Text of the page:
On Wednesday, the San Francisco Unified School District announced that schools will remain closed through May 1 to slow the spread of COVID-19.
The expanded closure will also span five other Bay Area counties — Alameda, Contra Costa, Marin, San Mateo and Santa Clara.
The closures' previous end date was set for April 3, but had already been exceeded by those counties' shelter-in-place orders, which currently run through April 7. The state of California has also initiated a stay-at-home order with no set end date.
SFUSD is extending temporary school closures through May 1, 2020. Please continue to shelter in place to minimize the spread of COVID-19. For more information, go to https://t.co/kYA90JQXhg— SF public schools (@SFUnified) March 25, 2020
SFUSD Superintendent Dr. Vincent Matthews said in a statement that the safety and wellness of students, school personnel, and the community are the district's highest priority right now.
"Families need to continue to shelter in place across the region in order to minimize the spread of COVID-19 to the greatest extent possible," he said.
Earlier this week, Mayor London Breed also closed San Francisco playgrounds to ensure people follow the stay-at-home guidelines.
With schools closed, the city has been scrambling to address the needs of parents who do essential work, like healthcare professionals, first responders and grocery clerks.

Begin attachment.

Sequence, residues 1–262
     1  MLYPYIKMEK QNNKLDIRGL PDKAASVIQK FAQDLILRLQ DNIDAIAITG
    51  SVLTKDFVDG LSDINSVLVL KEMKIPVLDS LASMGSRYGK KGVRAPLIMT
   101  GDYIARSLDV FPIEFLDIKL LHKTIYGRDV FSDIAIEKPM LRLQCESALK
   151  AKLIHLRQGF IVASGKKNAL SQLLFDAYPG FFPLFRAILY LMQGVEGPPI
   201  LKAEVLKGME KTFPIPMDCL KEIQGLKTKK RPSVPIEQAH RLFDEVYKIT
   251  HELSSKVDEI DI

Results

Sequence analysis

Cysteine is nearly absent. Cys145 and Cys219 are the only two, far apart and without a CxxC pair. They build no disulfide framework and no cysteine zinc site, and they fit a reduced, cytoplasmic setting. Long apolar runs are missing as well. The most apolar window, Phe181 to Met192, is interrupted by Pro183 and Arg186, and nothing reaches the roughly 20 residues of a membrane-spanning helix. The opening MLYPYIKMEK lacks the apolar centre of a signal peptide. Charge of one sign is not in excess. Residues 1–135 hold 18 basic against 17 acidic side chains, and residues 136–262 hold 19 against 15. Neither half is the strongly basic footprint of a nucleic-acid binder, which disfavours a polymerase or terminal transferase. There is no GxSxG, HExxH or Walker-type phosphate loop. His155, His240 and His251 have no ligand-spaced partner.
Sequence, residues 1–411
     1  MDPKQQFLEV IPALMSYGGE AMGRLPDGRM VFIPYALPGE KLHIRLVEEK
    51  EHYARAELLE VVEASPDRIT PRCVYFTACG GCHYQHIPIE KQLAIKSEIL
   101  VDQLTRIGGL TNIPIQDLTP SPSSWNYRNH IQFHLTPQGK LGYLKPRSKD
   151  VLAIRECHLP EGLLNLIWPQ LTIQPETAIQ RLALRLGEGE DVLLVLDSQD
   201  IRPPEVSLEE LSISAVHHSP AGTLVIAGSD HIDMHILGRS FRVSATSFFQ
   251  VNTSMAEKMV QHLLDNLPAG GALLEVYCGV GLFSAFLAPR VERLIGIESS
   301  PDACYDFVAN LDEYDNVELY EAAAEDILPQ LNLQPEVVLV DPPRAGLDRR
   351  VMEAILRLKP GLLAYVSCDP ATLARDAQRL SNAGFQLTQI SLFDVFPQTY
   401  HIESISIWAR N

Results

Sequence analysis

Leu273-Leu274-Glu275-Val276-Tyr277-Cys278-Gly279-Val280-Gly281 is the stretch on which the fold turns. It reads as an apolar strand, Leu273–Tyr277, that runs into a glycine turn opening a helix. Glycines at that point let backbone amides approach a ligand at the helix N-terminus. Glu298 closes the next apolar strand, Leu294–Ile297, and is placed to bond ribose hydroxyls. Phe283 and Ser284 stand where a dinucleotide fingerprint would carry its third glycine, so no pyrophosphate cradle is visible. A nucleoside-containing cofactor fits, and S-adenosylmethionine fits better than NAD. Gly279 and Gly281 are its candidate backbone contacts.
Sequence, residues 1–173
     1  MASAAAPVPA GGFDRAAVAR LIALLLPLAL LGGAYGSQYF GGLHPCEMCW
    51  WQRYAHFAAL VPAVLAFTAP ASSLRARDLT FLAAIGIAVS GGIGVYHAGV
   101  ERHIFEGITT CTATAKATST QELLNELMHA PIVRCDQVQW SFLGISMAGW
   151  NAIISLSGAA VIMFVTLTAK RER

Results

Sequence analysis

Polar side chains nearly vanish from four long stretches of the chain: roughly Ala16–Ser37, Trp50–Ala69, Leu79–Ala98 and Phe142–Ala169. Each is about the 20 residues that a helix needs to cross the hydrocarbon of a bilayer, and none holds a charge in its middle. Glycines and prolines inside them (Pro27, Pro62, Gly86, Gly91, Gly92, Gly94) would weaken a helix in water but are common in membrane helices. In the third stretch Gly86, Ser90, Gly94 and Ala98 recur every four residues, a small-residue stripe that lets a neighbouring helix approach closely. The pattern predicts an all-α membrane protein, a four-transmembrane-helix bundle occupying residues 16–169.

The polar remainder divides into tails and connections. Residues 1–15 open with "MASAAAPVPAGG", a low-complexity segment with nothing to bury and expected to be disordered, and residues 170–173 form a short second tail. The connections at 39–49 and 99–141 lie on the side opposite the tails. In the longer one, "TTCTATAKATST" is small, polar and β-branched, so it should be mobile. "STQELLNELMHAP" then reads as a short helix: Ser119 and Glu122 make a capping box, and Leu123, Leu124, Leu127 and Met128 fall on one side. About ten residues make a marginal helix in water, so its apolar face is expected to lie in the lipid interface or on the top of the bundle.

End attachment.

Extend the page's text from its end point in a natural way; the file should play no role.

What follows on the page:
SFUSD has been providing free meals to all children 18 and younger during the school closure (regardless of enrollment), and hospital staff, public health workers and first responders are eligible for emergency childcare.
Charitable organizations are also ramping up options for low-income parents. As we reported earlier this week, the Telegraph Hill Neighborhood Center is now offering emergency childcare and a preschool program.
"When Governor Newsom said that schools will likely close until the fall, we prepared for that," executive director Nestor Fernandez said via phone. "I am not surprised."
He said the extended closure will impact low-income parents hardest, as many have already used up their vacation time and can't go to work without care. His organization just started its preschool program today, after adjusting its usual classroom setup to allow proper social distancing and cleaning.
SF Rec & Park is also providing services at its recreation centers. But with the Department of Public Health limiting the number of children and youth in care facilities to 12 or fewer, resources will be thin.
Winnie, a San Francisco-based marketplace for childcare, has compiled a list of childcare facilities with openings throughout the city.
"Most parents will likely find this [situation] very challenging, but the ones who are struggling the most are those who cannot work remotely," said CEO Sara Mauskopf. "Nurses, doctors, grocery store employees, and other essential workers rely on childcare to do their job."
She notes that it's particularly hard to find childcare for kids under the age of five, whose parents currently have to apply for the Emergency Child Care Program for Young Children if they want to use the city services.
"We've heard from parents who are essential workers that they have days, or weeks at best, of vacation time, left," she said. "They need to quickly see and vet their available options."
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